RVSI points out that both Harry McHugh, President of Cybo, and Keith Wanner, Senior Vice President of Operations acknowledged during their depositions that they were aware that RVSI intended to keep the equipment used to calibrate and align robo-sensors. And, in Ohio, knowledge of the officers of a corporation is deemed to be knowledge of the corporation. See Arcanum National Bank v. Hessler, 69 Ohio St. 2d 549, 433 N.E.2d 204 (Ohio 1982).
Even though McHugh signed the Agreement on behalf of Cybo and has not disclaimed knowledge of its contents, Cybo argues that the awareness of Wanner and McHugh is irrelevant because they had no knowledge of the final terms of the Agreement, which were negotiated by Ron Reeve, Cybo's CEO. Reeve states that he understood that all of the assets of the business would be sold to Cybo: "Subsequent to any conversations between Keith Wanner and/or Harry McHugh and RVSI, I had conversations with RVSI and including specifically that all assets of the Business were to be sold to us including equipment for the alignment, calibration and testing of the Robo sensors." RVSI contends that Reeve's affidavit is inconsistent with his deposition testimony and previous memoranda and thus should be disregarded by the court. See Mack v. United States, 814 F.2d 120, 124 (2d Cir. 1987) ("a party's affidavit which contradicts his own prior deposition testimony should be disregarded on a motion for summary judgment."). In a memorandum dated September 21, 1990, in preparation for a trip to RVSI, Reeve wrote: "I also want to understand and list all of the items which are not being provided which are required to support this business and continue to sell product". During his deposition, Reeve testified that his understanding was that all of the items being purchased by Cybo would be listed on the schedule of assets attached to the purchase order. Reeve further testified, however, that he believed that all of the items required to support the business were being sold. And, later in the deposition, he stated that he believed that the analog and digital boards were being sold but were to be retained in escrow, and that the calibration equipment, the robots and the positioners were also being "sold" to Cybo but were going to be "retained" by RVSI.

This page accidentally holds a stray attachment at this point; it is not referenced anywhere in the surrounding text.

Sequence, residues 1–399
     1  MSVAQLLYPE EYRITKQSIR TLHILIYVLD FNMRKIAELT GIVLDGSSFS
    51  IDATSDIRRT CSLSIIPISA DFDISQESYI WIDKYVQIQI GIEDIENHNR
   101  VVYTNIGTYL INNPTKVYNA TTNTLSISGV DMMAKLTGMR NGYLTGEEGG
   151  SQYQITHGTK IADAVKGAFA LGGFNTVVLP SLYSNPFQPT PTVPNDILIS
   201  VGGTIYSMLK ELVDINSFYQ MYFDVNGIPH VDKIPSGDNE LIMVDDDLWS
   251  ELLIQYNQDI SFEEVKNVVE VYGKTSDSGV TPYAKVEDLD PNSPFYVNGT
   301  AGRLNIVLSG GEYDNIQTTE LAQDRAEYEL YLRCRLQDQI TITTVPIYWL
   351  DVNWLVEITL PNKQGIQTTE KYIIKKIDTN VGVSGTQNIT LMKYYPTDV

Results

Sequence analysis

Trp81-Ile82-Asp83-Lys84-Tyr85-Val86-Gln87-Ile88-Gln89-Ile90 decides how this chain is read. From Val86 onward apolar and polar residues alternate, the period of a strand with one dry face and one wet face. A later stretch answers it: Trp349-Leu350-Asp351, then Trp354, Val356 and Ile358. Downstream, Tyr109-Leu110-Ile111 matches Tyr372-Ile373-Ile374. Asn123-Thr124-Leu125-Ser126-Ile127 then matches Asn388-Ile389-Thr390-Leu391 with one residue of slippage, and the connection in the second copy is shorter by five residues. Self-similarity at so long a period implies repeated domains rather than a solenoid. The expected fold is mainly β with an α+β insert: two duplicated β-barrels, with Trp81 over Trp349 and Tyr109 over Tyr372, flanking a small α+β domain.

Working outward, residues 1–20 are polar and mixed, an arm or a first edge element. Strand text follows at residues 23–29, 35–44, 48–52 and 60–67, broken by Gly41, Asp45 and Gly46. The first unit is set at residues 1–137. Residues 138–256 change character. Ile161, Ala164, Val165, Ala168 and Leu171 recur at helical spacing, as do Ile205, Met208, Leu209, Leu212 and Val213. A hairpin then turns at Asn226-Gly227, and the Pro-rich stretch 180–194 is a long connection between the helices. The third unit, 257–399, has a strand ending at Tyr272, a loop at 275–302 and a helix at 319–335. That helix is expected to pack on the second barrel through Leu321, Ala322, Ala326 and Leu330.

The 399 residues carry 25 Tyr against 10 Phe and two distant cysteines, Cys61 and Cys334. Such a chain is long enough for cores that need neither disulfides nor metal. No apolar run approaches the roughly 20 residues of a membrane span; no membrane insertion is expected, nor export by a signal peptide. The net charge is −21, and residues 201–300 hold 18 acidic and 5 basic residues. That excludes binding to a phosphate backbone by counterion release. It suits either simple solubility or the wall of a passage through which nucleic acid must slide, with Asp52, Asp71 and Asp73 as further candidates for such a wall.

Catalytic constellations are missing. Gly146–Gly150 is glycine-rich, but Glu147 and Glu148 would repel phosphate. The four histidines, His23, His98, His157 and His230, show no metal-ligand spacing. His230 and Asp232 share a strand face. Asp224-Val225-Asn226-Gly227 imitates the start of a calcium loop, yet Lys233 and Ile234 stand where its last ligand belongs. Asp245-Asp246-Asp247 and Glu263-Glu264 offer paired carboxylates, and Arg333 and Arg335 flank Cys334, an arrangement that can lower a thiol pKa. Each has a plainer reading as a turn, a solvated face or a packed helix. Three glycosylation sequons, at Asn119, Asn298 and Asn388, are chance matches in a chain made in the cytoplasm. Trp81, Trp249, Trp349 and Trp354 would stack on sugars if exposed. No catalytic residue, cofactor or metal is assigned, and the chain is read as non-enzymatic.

RVSI's theory in support of its motion for summary judgment is that Cybo knew from the Agreement itself that certain assets were not being sold. For that reason, granting summary judgment on this claim would, in effect, resolve the breach of contract counterclaim, as to which RVSI has not sought summary judgment and which has not been briefed. Although Cybo's likelihood of success at trial on its claim of fraud regarding the assets to be sold appears exceedingly tenuous, under these circumstances, the benefit of any doubt as to whether a factual issue has been raised will be given to Cybo, and summary judgment will be denied.
2. The Reliability of the Software
Cybo argues that RVSI misrepresented the reliability of the Weld Planner I software prior to the execution of the Agreement and continued to make misrepresentations during performance, by claiming that the software was a standard and stable product, fully tested, and running successfully at Caterpillar and General Dynamics. Cybo bases this contention in part on the deposition testimony of Thomas Smith, Director of Administration at Cybo. Smith stated that, at the August 29, 1990 meeting, RVSI specifically represented that "Weld Planner I software was standard, stable, fully tested, and working well at existing customers" and "that the risk that it would be accepting would only be the risk of implementation of enhancements." Cybo further relies on the deposition testimony of Ronald Reeve, who stated that RVSI represented to him that its software was a standard and stable product, which was working well at Caterpillar.
RVSI contends that Cybo was not entitled to rely on any alleged misrepresentations because it visited the Caterpillar plant, it was aware that General Dynamics had experienced software-related problems, and it tested the software itself. RVSI refers again to the deposition testimony of Thomas Smith, who admitted that Cybo performed certain tests on the software.
Cybo acknowledges that it visited Caterpillar, but argues that, since Caterpillar appeared satisfied with Weld Planner I, it justifiably relied on RVSI's misrepresentation as to the stability of the product. Cybo also concedes that it knew General Dynamics had had a dispute with RVSI, but asserts that it was unaware that the dispute had been performance related. Cybo bases its argument on Reeve's affidavit, in which he states that he was told that the problems with General Dynamics were not performance related. (In contrast, Wanner acknowledges in his affidavit that, on October 2, 1990, he was told by Al Bove that RVSI and General Dynamics were engaged in a dispute regarding software-related problems. He also states that, in light of Caterpillar's satisfaction with the software, and because the software sold to General Dynamics differed from that sold to Cybo, he decided not to contact General Dynamics.) Finally, Cybo acknowledges that RVSI demonstrated its product to Cybo, but alleges that RVSI neglected to adequately test the system prior to advertising the software as a "standard" and "stable" product. In support of this contention, Cybo refers to the report of Dr. George Cook, who concludes that the tests conducted prior to August 1991 were inadequate for verifying the claimed capabilities of Weld Planner I.